Death by Water by Kenzaburo Oe

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In Kenzaburo Oe’s latest novel, Death by Water, the elderly novelist Kogito Choko renews an old ambition to write his magnum opus regarding the premature death of his father by drowning. His father was allegedly involved in a conspiracy to overthrow the Japanese emperor. Fearing defamation and the publicizing of his father’s ultranationalist leanings, Choko’s mother and sister have guarded a red trunk thought to contain certain documents that disclose the truth of his father’s death. In retaliation, Choko published a highly exaggerated account of the night of the drowning, in which he described a credulous son and his delusional father. His novel scandalized the remaining family and estranged him from them. A decade after his mother’s death, while a theater troupe plans to perform a retrospective of his work, Choko’s sister agrees to release the documents, compelling the author to return to his native forest village.

Oe retells these events using multiple voices, which deepens the sense of incomprehensibility about the unusual circumstances. The characters often use local mythology to confront past events. A pupil of Choko’s father claims that the drowning was a suicide and that a foreign spirit possessed Choko’s father after he adopted an extremist ideology. Choko’s departure into the forest is attributed to the local belief that the forest is a womb and a child always returns to his origin. These conflicting interpretations are given equal authority, further mystifying things. The novel gives a sense that no amount of documentation could add up to an authoritative account: Choko’s magnum opus was always an impossibility. Between these myths and its more pedestrian concerns about novelistic ambition and family strife, Death by Water constructs a densely textured myth of the night in question.

The novel concerns itself with the overwhelming duty of sacrificing an individual self in respect to community. The theater troupe performs an open-forum interpretation of the classic Japanese play Kokoro, in which a teacher leaves his sole pupil autobiographical notes prior to his suicide. Oe cleverly questions whether this teacher’s suicide was an act of mourning for the end of the Meji era, or an atonement for a betrayal decades earlier. This contrapuntal narrative recalls Choko’s mother’s description of a past when her village’s ancestors lived in the forest: “We think now that our individuality is terribly important, but back in the time when we were in the marvelous forest, even though we were individual entities, we were all part of a greater whole.” In the novel’s treatment, the most popular interpretation of Kokoro offers the suicide as an individual act, one ultimately concerned “with the question of the human heart—of the individual, by the individual, for the individual.” Oe probes these delicate affairs with evenhandedness but his allegiances are made manifest: confronted with the mystery of death—and for Oe, death is unresolvable—one cannot condense a man into a mere symbol.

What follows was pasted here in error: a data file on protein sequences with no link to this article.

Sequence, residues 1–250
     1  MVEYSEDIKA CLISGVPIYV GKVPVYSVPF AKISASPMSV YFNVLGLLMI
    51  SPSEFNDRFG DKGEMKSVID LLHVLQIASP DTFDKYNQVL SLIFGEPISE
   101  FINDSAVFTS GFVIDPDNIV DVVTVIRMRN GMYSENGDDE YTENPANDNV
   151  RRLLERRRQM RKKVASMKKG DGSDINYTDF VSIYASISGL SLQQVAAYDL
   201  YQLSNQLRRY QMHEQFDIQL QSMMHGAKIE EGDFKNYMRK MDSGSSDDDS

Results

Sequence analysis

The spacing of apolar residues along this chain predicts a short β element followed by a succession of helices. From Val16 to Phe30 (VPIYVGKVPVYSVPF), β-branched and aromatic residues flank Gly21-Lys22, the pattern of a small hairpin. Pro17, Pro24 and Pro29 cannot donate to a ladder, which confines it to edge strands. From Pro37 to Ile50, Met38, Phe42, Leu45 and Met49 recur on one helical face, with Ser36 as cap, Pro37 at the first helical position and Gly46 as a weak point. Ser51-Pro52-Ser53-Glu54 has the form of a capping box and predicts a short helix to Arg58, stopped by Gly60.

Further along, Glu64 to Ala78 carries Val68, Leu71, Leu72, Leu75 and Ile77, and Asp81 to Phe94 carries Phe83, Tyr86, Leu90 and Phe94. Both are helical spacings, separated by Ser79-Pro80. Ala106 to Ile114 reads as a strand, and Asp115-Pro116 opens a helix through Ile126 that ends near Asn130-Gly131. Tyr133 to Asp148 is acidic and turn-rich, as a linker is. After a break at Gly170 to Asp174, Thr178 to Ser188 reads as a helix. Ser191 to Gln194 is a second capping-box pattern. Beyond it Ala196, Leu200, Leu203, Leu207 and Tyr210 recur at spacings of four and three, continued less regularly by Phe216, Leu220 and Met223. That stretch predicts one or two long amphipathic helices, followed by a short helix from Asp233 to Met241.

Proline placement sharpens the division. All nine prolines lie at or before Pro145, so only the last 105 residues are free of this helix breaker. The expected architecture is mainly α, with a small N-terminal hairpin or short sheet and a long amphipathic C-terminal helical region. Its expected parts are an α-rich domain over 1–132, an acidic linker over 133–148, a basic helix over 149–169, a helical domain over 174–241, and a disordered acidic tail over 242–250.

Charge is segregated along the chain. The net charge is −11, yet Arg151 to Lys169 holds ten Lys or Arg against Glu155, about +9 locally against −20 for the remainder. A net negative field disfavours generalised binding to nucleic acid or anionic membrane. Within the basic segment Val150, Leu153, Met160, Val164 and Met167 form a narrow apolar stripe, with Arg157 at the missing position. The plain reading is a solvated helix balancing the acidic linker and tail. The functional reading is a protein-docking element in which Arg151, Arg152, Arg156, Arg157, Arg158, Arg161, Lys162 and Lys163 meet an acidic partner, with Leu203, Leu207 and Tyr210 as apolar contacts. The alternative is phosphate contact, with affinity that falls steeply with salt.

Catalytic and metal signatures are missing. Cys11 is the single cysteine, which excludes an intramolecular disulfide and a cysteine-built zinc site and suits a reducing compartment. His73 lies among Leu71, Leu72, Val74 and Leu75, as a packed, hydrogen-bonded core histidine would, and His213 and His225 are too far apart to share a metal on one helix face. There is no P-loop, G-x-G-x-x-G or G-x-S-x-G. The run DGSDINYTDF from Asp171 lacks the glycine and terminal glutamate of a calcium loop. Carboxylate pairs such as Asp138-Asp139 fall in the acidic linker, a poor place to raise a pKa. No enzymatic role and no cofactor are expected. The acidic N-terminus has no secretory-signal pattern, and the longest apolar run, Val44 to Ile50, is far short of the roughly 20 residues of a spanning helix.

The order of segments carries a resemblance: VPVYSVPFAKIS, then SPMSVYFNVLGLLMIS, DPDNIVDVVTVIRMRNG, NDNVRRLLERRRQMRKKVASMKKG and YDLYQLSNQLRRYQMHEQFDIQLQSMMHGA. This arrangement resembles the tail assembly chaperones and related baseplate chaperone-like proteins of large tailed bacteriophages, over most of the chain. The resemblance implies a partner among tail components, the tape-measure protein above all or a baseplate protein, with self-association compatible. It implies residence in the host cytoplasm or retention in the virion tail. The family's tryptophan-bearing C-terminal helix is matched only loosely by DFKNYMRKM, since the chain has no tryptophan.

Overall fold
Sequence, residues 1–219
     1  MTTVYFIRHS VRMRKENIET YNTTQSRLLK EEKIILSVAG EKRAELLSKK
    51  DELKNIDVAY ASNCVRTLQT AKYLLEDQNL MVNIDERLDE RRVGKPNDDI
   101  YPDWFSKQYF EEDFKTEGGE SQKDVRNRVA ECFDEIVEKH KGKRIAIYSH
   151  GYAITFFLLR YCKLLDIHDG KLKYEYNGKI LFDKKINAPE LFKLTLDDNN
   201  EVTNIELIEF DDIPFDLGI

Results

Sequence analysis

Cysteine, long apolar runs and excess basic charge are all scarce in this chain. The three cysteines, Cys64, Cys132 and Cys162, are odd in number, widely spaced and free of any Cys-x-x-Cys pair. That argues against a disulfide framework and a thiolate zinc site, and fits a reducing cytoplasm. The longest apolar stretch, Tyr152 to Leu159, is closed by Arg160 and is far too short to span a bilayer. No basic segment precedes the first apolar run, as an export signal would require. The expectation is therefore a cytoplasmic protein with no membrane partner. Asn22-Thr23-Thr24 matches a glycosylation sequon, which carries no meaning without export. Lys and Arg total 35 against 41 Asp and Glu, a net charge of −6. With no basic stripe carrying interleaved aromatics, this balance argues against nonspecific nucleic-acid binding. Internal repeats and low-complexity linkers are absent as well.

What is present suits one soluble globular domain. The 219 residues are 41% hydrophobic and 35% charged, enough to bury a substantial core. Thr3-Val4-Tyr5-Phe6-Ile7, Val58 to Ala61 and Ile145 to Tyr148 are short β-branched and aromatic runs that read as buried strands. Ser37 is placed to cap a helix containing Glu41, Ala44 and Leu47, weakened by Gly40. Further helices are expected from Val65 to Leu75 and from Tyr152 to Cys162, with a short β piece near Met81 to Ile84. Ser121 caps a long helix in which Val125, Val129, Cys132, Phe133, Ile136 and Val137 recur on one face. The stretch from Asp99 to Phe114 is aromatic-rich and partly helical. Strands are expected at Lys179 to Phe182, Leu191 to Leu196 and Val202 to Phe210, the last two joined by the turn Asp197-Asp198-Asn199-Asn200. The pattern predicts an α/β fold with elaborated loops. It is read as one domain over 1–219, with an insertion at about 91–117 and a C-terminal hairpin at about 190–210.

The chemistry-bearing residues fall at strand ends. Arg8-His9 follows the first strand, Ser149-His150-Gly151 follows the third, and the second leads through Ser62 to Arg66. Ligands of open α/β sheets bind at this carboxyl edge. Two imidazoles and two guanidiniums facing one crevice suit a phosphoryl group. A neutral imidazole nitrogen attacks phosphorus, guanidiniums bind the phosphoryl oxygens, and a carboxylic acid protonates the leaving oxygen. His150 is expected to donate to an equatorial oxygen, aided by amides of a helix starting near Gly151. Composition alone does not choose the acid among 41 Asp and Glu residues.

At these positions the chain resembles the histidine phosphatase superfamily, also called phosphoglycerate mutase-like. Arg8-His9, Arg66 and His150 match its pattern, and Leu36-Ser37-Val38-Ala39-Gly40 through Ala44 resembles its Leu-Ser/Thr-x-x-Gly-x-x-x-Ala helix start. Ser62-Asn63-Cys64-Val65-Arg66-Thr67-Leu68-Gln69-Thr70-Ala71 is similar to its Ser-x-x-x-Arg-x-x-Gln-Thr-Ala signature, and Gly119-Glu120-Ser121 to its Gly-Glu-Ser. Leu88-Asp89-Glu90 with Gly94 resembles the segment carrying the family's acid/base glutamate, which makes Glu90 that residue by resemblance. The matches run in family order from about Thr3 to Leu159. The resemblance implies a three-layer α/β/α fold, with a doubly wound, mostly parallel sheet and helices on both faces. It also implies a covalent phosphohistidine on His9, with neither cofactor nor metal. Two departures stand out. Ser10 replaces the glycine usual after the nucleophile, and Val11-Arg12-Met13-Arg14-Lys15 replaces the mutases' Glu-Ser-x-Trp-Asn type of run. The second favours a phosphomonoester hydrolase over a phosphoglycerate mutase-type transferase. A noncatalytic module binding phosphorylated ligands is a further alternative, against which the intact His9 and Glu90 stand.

Kenzaburo Oe

Kenzaburo Oe

For Choko, writing the novel results in the discovery of his father’s preparations for death. The novelist finds that his father’s marginalia has been preserved on the pages of The Golden Bough, an anthropological study of folklore meant as instructions for deposing an impotent leader. It seems poignant to the novelist that although his father “was obediently going along with the plan… it appears as though he was trying to read it from a more artistic perspective as well. This has been a revelation for me, for the first since I was born, I feel as if I’m seeing my father for who he really was.” For Choko, his father’s documents are a miraculous revelation. The letters of the dead are treated as tenderly as the bodies themselves. There is a reverence ascribed to the written word: these stories, when transcribed, whatever their provenance, are already on the cusp of joining the local repository of myths.

Death by Water is a novel whose elegant architecture depends on the variation of a theme, or the revision of the account of the night in question. What is constant in this lyrical meditation on remembrance is a relentless desire to find meaning in death.

Darren Huang is a writer living in Manhattan. His most recent criticism has appeared in Full Stop and Pleiades. More from this author →